Adrian Moloney (pictured) is sales director at OneSavings Bank
It’s hard to think of a time when landlords have faced such an uncertain playing field as today.
A raft of regulation and taxation changes have had a significant impact on bottom lines, whilst the market has slowed as we wait and see what the impact of Brexit will be.
Unsurprisingly then, landlords have been looking for alternative ways to increase yields as well as diversify their portfolio to minimise any potential risk.
For many, HMOs have been one such way.
The number of landlords who have gone down this route already speaks for itself: the BVA BDRC’s latest survey shows that one in five landlords now have an HMO property in their portfolio.
Knowing this, it’s highly likely that brokers will be facing an increase in enquiries from landlords considering diversifying into HMOs and wanting to know the considerations to factor in.
The well-publicised advantage of HMOs is that rental yields are often higher than for a typical rental property.
The same BVA BDRC research suggests the average yield for an HMO is one-fifth higher.
For example, a landlord taking in nearly £12,800 in rent each year for an HMO, compared to £10,750 for a standard property.
Before we get carried away, we should remember that costs are also likely to be higher than a standard rental property.
An HMO license can range considerably from under £100 to over £1,000 depending on the property location.
Work may be needed on the property to ensure that it is compliant with regulation.
This could involve ensuring bedrooms are a minimum size, providing the right number and location of bathrooms or even extending the kitchen worktop.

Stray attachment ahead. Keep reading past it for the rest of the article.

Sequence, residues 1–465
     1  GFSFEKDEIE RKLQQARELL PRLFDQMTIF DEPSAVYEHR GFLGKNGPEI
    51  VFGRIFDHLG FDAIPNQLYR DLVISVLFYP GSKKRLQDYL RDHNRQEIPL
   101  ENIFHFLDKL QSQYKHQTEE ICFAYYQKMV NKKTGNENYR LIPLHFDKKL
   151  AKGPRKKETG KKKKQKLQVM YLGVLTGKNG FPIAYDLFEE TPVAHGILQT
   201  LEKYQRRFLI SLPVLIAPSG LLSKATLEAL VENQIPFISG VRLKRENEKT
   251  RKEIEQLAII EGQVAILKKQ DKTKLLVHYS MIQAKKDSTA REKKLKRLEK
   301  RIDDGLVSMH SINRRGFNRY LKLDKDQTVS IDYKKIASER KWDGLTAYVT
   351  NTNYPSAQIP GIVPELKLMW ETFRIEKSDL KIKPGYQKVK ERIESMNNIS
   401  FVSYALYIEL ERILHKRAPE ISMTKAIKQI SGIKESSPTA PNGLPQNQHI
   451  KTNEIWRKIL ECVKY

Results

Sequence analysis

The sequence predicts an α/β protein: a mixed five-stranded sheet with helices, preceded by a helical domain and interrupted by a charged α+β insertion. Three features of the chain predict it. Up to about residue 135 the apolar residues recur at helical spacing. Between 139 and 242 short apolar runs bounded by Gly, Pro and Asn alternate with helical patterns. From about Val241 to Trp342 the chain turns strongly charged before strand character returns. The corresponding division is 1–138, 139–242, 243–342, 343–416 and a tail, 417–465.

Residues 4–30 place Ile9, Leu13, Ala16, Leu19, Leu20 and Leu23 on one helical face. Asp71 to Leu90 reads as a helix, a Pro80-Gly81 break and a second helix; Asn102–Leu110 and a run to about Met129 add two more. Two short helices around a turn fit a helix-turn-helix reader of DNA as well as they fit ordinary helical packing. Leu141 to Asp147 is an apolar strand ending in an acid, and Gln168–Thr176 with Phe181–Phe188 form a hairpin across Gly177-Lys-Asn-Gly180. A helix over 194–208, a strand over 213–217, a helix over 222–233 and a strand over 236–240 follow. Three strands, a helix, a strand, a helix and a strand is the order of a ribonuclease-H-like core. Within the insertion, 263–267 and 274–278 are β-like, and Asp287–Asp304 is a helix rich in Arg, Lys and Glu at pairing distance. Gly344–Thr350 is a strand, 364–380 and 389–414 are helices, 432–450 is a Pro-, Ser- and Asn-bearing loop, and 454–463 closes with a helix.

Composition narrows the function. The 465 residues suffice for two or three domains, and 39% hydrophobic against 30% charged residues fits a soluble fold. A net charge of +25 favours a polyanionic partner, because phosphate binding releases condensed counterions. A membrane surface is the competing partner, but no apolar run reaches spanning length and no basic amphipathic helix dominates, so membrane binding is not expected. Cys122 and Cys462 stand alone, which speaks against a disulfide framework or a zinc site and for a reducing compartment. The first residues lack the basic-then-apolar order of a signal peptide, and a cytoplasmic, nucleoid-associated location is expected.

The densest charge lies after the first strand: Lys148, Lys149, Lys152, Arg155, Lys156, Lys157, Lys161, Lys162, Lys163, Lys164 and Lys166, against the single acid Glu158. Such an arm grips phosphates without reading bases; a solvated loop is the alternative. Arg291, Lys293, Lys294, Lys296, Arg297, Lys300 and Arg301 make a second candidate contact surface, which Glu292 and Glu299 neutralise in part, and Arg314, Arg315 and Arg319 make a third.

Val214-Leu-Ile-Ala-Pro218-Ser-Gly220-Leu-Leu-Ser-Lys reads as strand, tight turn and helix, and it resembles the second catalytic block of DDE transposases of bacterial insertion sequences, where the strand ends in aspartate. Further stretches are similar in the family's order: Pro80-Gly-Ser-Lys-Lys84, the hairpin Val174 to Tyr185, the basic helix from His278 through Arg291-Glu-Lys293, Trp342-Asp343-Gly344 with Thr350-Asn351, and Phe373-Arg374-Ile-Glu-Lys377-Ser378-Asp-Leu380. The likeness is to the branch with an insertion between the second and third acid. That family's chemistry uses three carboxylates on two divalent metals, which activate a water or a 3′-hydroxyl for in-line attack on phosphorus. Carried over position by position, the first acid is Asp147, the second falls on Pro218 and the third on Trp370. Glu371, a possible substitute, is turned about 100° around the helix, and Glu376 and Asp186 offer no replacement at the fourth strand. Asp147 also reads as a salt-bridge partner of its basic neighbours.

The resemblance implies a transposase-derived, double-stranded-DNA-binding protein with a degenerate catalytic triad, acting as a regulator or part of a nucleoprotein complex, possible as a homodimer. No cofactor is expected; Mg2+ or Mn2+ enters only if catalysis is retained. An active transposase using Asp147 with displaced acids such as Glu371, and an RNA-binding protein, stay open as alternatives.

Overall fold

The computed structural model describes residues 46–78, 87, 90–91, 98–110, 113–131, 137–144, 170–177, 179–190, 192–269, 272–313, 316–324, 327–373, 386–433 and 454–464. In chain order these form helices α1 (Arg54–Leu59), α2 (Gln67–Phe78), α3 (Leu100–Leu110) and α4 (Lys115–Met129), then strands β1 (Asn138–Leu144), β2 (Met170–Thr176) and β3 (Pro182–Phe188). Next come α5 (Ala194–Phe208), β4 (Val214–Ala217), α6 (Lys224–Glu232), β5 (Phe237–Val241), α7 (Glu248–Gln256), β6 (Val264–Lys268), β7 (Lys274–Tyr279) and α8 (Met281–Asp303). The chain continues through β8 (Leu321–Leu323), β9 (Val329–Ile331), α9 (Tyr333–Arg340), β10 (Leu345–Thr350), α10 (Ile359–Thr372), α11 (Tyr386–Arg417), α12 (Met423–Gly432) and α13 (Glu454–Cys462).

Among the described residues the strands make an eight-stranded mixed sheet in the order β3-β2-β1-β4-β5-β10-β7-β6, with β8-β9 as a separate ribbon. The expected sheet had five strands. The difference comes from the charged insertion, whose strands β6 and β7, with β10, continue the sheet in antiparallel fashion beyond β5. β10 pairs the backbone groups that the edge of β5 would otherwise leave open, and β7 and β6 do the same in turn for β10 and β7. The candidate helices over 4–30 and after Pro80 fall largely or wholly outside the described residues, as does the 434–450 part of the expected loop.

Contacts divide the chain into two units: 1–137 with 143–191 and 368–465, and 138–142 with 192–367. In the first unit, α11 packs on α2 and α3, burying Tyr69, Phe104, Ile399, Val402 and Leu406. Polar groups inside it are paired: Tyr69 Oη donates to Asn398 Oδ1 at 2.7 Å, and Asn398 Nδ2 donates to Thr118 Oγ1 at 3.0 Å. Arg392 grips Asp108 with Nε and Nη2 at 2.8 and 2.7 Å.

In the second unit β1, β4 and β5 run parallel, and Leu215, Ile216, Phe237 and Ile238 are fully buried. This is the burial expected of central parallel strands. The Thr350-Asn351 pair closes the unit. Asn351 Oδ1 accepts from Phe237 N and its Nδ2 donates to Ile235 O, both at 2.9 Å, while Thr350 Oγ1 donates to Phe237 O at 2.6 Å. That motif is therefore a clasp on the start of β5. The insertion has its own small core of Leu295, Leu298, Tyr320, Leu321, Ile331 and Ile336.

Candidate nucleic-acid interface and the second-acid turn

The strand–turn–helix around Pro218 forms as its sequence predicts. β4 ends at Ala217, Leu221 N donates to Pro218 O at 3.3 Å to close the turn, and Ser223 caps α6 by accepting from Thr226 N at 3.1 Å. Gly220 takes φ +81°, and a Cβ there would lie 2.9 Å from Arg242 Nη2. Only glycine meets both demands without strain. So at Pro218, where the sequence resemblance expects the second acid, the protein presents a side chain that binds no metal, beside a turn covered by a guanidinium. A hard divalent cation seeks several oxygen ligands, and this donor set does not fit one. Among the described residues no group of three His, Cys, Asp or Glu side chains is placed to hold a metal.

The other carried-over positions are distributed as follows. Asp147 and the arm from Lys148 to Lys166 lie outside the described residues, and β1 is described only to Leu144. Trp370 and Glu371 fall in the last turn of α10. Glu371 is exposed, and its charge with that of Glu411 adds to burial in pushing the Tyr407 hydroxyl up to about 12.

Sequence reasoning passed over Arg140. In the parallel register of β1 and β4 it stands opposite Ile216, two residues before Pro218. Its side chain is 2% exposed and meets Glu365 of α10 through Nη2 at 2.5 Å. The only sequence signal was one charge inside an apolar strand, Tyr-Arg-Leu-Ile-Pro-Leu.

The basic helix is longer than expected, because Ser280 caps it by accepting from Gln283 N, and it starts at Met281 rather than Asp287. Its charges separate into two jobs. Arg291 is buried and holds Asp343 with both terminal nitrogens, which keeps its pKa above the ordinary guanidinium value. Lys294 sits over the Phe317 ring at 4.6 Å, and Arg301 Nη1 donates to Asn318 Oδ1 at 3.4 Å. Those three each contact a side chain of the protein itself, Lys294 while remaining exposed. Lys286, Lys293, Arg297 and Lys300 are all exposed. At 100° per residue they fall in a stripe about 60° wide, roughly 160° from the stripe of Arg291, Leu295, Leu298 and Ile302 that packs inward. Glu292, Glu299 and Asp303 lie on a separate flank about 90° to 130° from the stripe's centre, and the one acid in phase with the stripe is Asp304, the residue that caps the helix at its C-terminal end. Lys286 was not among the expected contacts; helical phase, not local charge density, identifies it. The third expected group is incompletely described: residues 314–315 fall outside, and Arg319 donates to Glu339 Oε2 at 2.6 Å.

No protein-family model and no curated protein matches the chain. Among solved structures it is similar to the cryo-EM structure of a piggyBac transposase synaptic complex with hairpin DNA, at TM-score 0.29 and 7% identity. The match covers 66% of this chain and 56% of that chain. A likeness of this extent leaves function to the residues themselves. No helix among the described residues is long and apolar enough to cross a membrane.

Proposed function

Day to day, the potential higher turnover of tenants and more intensive use also means higher costs in terms of maintenance.
It’s important to do your sums but if costs can be kept reasonably low, yields can still be good.
Rental voids have less impact
Letting each room individually, inevitably involves more work at the start due to vetting each individual tenant when they move in but careful investigation at the start will pay off when it comes to them moving out.
When a tenant moves out of a single let property, there’s a total loss of income but with a multi-let property, the remaining rooms remain tenanted therefore limiting total impact.
Less exposure to arrears
The same ‘eggs in multiple baskets’ logic applies to arrears. Having several sources of income – with tenants paying smaller monthly rents for a room within a property – a landlord is less exposed if a tenant falls behind on their rent.
In the current economic climate, with fears of a downturn post-Brexit and potential job losses being bandied around, this potential benefit might sit well with some landlords.
One difference between HMOs and single-let properties is the potential to claim income tax relief on qualifying items.
This applies to the costs associated within the communal areas, which are treated as an expense of the rental business.
Normal rental losses are only rolled forward for offset against future rental properties.
However, capital allowances can be offset against non-property income to generate tax rebates, which could add up to a significant amount.
However it’s important not to advise on any tax related questions yourself, always point your clients towards a professional tax adviser.
There is a need for flexible, affordable housing
Keeping costs affordable for your target audience is particularly important as you want to try and attract long term tenants rather than a series of short-term lets.
Renting is popular with students, young professionals, mobile workers and single people so keep this mind.
The private rented sector as a whole has doubled since 2000, and now accounts for one fifth of all homes in Great Britain.
With the rising cost of living, particularly in cities, combined with population growth and a shortage of affordable housing, HMOs or “house shares” could help to fix the problems we face in the housing market.
HMOs offer a far cheaper alternative to renting an entire property by enabling tenants to split household bills, while allowing them the privacy of their own bedroom.
In this shifting market, brokers’ advice is likely to be valued even more by landlords. This area of the market requires brokers to stay one step ahead, always on the lookout for any regulatory changes and trends.